By Ken Plummer
This ebook of 19 unique essays by way of activists and teachers files and analyses the dramatic alterations in lesbian and homosexual event over the past 20 years. It charts the expansion of lesbian and homosexual experiences, and examines key concerns round communitites, identities, relationships, sexualities and politics. those essays, edited by way of a number one writer within the box, bring in a brand new self assurance and adulthood for the becoming box of lesbian and homosexual reports.
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Extra info for Modern Homosexualities: Fragments of Lesbian and Gay Experience
Processes are at work which recognize difference, relativities, changes: potential chaos yet enormous possibility. With these come the radical options for diverse and diffuse sexualities—the divorce from traditional religions, traditional family structures, traditional communities, traditional politics, traditional limited and restricted communication channels. The workings of modern homosexualities seem largely congruent with the contradictions of modernist culture, on the one hand displaying an obsessive uniformity in its organization and on the other displaying in its flux that ‘all that is solid melts into air’ (Berman 1982).
Since this conventional family is usually the embodiment of heterosexist practices our enemies have a point. But, and this is crucial, the ideology of the ideal nuclear heterosexual family is not the same as the myriad of ways of living together that are an increasing feature of late modern societies. The happy little nuclear family—of Judy Garland in Meet Me in St Louis—is largely a myth of the past. Today the stories are different. Not only do very few people indeed live the full cycle of their lives inside such families, there is mounting evidence that life within families may bring much unhappiness: spouse battering, child abuse, marital rape, and breakdown are simply signs that the family is often not ‘the haven in a heartless world’ it was once thought to be: it may indeed be quite the opposite.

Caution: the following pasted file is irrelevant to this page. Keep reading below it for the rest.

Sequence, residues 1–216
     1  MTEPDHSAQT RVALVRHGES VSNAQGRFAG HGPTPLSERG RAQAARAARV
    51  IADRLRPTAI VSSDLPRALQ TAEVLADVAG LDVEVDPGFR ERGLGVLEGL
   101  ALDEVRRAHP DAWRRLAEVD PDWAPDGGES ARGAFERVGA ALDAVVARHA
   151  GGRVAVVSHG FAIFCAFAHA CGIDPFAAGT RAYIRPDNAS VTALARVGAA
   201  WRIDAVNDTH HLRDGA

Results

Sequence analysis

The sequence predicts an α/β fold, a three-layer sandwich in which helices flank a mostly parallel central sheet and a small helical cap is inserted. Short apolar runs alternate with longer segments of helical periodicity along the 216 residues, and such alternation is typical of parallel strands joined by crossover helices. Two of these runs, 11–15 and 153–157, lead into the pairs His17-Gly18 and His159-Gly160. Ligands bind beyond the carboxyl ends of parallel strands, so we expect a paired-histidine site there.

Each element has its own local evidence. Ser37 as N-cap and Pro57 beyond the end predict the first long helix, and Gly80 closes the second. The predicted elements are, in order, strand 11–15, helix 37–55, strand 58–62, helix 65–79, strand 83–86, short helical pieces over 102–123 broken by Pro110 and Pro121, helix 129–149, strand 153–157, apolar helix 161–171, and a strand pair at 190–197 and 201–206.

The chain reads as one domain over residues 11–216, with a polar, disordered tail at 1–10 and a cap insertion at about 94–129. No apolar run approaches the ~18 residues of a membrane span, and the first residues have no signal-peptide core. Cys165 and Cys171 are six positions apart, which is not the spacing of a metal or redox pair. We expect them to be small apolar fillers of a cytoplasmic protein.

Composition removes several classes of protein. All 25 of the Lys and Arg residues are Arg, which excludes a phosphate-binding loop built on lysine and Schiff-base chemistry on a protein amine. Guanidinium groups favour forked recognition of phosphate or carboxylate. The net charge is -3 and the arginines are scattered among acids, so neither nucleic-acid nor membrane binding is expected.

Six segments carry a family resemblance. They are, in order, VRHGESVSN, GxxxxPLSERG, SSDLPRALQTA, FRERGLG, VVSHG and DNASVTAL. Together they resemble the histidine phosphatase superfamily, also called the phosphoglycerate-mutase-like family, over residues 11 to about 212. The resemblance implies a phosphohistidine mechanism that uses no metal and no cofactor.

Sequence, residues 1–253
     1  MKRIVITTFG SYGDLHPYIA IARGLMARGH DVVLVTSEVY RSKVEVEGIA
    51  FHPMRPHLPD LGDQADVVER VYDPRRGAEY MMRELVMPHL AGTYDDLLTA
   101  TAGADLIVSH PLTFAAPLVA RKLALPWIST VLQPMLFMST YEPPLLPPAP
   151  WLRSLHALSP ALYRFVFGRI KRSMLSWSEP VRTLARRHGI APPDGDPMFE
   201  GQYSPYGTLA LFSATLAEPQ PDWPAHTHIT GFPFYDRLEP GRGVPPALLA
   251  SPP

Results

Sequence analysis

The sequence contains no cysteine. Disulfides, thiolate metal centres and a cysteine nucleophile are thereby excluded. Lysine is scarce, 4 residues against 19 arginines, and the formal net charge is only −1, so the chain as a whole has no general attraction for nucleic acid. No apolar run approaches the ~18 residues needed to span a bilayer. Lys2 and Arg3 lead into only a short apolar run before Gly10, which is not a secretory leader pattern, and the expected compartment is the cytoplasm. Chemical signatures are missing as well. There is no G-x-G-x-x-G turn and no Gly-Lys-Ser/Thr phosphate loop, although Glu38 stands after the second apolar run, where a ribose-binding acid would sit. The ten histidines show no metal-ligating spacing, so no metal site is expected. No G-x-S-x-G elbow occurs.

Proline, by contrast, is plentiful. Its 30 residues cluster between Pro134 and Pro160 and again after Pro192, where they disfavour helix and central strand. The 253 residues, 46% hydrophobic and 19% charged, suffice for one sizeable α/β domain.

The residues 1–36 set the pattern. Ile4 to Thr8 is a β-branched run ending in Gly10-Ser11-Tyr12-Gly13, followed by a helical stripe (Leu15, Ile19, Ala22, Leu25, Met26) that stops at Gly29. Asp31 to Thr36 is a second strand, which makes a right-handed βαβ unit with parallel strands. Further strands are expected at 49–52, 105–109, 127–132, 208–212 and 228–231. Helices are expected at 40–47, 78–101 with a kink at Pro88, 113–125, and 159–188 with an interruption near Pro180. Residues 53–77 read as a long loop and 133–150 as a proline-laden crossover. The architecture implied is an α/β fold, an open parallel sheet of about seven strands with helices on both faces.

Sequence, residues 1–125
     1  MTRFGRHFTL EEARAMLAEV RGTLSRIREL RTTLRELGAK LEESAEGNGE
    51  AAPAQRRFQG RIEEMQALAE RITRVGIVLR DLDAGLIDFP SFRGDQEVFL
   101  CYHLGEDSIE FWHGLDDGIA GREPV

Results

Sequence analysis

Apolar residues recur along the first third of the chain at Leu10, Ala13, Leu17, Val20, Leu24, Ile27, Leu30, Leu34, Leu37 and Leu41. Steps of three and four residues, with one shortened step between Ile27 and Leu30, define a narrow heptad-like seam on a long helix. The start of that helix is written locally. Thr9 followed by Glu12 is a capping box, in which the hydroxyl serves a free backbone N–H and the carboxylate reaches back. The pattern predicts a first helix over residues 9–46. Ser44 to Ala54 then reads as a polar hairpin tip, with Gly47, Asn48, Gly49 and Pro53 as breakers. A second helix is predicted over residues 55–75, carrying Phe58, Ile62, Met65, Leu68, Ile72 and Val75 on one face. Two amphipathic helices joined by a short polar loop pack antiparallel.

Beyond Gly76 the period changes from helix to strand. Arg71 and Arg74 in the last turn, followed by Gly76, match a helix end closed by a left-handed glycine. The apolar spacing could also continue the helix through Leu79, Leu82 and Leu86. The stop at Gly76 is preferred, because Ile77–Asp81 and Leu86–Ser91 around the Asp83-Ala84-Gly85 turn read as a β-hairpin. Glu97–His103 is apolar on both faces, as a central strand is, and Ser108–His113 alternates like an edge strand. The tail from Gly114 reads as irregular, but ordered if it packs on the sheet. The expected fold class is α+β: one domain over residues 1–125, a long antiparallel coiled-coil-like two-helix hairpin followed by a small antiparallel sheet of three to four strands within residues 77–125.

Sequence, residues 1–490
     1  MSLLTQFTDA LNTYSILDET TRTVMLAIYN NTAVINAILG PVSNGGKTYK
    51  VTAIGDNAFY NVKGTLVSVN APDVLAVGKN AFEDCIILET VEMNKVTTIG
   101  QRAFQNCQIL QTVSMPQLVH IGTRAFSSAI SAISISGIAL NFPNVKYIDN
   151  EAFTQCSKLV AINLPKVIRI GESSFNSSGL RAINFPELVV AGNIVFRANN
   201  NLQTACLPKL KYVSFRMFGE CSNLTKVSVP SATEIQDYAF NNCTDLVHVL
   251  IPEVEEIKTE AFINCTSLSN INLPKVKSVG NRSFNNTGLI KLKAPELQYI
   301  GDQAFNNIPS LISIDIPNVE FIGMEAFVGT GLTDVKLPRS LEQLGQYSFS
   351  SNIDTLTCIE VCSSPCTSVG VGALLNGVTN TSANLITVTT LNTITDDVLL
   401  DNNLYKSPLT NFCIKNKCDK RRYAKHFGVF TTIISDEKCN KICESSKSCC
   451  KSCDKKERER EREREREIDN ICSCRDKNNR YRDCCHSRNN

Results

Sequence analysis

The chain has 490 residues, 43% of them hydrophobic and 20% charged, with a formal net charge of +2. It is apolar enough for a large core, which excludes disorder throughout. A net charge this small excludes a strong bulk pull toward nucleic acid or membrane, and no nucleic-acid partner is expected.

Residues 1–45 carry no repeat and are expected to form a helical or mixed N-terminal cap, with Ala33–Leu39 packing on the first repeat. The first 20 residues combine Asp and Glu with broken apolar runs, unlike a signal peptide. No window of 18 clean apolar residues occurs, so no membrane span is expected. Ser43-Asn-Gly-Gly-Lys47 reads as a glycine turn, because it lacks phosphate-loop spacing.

It feeds into a radical re-visioning, a task already started by the new Queer Theorists (De Lauretis 1991). At the same time, some of the dangers of all this must be noted. Postmodernism can become massively self-contradictory—there are no grand narratives except, presumably, the one of postmodernism. It can be politically paralysing—since there is no grand goal and no chance of progress, what’s the point of a political struggle? But to recognize the furthest excesses of postmodernist indulgence is not to fail to recognize that we are on the verge of a rapidly shifting social order: one in which the search for any grand truth—essences, universals, foundational philosophies, master narratives, dominant ideologies (call them what you will)—must give way to radical doubt; to contingency and irony; to fragments, multiplicities, diversities, complexities.